Pull your collar grip in and keep downward pressure on your opponent as you walk your hips out to side-control.

Judo vs Jiu Jitsu

Judo vs Jiu JitsuAs many know, Jiu Jitsu was created based on the teachings of Judo. The two martial arts have many similarities, but are very different from one another. Let’s do a comparison and list the differences between Judo vs Jiu Jitsu. Going over everything from how they were developed, their principles, belts, Gis, and competition rules. […]

Judo vs Jiu Jitsu

As many know, Jiu Jitsu was created based on the teachings of Judo. The two martial arts have many similarities, but are very different from one another.

Let’s do a comparison and list the differences between Judo vs Jiu Jitsu. Going over everything from how they were developed, their principles, belts, Gis, and competition rules. We’ll also go over the positives of cross training between Judo and Jiu Jitsu.

History of Judo vs Jiu Jitsu

The stories of how Judo and Jiu Jitsu are incredible stories that coincide with one another. Here are the histories of Judo and Jiu Jitsu and how each martial art was developed.

The history of Judo 

Judo was created by Grandmaster Jigoro Kano. Grandmaster Kano became a protege of Fukuda Hachinosuke when he was a teen. Learning a grappling style called Tenjin Shinyo-ryu style of jujutsu. 

When Kano was just 21 years old, he began developing his own martial arts form. Mixing the jujutsu techniques that he came up with and mixing it with his own techniques that he developed.

What Kano created would be known as the art of Judo. Opening his first Judo school in 1882 with just 9 students in the school’s first year in existence.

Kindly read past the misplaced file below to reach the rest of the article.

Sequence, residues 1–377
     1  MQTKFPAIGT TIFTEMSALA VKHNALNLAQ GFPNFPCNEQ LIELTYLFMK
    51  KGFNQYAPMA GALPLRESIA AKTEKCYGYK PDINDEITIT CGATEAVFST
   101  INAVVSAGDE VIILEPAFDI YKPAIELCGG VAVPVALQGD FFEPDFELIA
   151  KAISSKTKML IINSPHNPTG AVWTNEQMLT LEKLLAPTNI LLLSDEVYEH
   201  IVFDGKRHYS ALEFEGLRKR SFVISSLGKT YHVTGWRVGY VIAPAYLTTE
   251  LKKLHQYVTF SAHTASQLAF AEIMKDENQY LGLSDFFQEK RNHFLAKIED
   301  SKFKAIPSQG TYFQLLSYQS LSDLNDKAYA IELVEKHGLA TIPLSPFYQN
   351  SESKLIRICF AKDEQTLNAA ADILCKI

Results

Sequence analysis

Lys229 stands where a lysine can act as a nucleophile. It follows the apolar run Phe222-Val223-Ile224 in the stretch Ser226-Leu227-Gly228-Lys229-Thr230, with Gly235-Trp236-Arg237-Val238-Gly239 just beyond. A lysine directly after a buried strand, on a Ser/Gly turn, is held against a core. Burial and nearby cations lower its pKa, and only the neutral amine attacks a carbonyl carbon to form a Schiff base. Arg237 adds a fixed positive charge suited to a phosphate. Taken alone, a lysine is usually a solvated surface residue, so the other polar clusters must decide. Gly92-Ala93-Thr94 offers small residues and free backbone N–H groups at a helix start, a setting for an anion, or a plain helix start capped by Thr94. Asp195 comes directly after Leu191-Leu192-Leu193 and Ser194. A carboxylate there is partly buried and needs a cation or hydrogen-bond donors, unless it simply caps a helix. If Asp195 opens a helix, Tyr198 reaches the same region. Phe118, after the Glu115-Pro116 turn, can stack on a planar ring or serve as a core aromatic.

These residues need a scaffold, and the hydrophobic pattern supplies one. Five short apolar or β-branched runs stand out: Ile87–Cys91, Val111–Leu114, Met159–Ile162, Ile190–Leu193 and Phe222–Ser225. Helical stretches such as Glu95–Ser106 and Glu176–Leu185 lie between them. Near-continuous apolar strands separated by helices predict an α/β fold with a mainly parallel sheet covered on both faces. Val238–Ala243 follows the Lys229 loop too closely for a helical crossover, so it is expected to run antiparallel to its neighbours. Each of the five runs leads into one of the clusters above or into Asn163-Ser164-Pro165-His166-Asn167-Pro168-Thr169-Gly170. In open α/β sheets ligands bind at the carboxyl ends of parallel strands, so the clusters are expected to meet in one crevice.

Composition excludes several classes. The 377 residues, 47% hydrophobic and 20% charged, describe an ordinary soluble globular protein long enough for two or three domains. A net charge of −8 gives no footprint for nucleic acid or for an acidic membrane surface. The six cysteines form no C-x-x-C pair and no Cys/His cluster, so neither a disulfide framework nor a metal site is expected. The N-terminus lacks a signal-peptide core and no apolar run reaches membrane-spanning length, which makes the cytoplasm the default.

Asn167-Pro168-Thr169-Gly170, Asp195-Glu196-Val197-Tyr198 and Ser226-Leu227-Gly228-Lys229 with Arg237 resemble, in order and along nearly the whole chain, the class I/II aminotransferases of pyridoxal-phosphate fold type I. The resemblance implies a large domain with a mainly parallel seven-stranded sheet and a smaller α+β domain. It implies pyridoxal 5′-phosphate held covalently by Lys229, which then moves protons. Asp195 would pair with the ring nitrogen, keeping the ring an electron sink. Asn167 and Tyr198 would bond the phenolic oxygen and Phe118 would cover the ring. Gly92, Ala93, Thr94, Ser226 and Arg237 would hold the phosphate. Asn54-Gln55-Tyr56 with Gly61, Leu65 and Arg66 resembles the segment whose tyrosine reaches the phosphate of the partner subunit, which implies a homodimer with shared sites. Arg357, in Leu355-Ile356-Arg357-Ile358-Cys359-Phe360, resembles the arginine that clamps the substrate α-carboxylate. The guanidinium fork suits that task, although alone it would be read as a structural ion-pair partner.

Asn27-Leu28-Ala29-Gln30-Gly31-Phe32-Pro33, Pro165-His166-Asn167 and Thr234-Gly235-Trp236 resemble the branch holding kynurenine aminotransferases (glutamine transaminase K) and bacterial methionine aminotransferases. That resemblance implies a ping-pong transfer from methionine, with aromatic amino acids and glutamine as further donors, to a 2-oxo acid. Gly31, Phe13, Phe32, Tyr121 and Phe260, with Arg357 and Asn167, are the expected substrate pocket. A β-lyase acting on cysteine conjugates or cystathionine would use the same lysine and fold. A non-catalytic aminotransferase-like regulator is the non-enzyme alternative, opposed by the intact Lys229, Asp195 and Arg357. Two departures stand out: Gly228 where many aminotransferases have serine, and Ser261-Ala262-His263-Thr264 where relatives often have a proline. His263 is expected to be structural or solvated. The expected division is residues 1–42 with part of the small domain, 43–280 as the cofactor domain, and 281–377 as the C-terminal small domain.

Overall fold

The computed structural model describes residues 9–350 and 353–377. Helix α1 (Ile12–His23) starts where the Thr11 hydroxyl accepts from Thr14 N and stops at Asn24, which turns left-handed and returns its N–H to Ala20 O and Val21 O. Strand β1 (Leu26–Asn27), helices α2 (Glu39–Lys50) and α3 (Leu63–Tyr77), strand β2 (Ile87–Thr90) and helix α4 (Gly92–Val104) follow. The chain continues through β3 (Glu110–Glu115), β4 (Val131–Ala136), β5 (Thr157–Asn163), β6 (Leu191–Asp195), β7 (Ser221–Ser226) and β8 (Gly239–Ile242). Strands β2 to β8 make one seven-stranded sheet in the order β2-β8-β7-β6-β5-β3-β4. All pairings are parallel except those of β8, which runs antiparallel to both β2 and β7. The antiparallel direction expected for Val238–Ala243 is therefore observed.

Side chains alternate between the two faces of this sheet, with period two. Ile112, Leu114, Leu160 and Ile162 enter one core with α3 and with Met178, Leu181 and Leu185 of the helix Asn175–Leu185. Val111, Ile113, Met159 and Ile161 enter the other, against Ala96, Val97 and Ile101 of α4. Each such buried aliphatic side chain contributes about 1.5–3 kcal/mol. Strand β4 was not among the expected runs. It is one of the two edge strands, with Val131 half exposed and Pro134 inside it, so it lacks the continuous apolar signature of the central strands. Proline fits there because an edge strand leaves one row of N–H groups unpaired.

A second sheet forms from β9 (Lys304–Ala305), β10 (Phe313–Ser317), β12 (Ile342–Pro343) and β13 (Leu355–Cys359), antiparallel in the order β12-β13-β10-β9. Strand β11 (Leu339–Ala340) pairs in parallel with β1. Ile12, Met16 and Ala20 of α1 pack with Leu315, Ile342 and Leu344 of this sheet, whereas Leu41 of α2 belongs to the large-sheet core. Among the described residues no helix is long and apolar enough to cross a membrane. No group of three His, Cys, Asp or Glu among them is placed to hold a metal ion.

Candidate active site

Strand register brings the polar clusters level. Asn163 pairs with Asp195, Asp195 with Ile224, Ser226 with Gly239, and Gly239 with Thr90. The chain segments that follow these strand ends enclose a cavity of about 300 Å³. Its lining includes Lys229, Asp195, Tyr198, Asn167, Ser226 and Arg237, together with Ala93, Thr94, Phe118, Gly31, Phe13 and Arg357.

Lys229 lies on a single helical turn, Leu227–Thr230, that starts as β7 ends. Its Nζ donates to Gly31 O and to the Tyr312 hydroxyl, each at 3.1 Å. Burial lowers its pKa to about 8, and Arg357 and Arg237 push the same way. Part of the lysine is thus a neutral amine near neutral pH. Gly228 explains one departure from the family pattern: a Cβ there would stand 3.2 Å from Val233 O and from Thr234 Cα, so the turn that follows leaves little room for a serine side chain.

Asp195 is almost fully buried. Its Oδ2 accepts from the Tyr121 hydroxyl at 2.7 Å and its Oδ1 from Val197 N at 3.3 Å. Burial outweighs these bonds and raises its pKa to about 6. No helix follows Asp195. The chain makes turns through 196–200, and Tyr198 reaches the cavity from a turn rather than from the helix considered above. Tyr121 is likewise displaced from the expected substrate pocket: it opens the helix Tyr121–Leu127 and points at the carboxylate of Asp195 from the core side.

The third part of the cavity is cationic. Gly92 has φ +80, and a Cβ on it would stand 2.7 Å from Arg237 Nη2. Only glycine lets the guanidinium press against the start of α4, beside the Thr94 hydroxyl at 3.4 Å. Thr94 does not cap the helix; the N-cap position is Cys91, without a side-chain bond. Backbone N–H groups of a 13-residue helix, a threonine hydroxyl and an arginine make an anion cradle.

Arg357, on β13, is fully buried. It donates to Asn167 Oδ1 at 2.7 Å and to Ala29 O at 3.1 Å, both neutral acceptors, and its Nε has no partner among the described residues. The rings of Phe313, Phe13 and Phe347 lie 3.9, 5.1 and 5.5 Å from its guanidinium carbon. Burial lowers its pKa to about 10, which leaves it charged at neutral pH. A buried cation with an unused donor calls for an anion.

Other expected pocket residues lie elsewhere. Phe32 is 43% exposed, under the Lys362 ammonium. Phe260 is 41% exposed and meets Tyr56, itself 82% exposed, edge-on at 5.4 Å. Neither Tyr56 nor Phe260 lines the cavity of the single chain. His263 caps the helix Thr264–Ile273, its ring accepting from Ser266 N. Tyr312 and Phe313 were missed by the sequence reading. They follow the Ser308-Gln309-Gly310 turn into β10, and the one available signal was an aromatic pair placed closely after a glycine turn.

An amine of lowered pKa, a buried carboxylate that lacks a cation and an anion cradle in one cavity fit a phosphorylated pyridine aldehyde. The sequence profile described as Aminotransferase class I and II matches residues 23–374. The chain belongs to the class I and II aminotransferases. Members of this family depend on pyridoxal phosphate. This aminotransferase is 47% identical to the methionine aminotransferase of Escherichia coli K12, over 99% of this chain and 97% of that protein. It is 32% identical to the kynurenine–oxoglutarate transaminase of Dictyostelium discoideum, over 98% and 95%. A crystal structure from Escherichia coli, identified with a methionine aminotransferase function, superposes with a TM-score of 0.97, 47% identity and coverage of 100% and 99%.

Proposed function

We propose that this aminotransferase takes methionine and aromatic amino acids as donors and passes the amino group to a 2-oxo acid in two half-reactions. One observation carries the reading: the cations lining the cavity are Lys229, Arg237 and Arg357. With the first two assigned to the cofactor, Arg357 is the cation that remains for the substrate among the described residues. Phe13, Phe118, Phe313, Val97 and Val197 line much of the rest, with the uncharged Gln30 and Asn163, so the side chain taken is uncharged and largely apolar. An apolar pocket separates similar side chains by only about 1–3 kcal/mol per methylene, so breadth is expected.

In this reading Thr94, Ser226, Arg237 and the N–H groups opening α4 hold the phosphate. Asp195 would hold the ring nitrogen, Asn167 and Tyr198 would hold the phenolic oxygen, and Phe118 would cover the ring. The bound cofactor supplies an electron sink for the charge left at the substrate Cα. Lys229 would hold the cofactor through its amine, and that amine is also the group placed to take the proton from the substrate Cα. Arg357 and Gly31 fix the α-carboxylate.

Judo was able to grow at an exponential rate thanks to the brilliant idea of Kano. He wanted to spread his art of Judo just like how a religion spread.

Kano tasked his top students with the mission of spreading the art of Judo. Jigoro along with his top students would travel the world teaching the art of Judo.

Before anyone knew it, Judo was practiced on nearly every continent in just 50 years. Today it is even bigger than Grandmaster Kano could have ever imagined.

The history of Jiu Jitsu

Through the spread of Judo, the art of Brazilian Jiu Jitsu was able to be created. A few of Kano’s top students, including Judo master Mitsuyo Maeda.

Maeda immigrated to Brazil with the help of a Brazilian politician named Gastao Gracie, who he befriended. Gracie helped Maeda put on Judo demonstrations in different cities within Brazil.

At one of these demonstrations, Gracie’s son Carlos Gracie was in attendance. Carlos became one of Maeda’s first students along with Luiz Franca, who also helped create Jiu Jitsu.

For a few years, Carlos learned under Maeda for a few years before showing his brother Helio different Judo techniques. They were both small in stature, so they began developing their own style based off of Judo.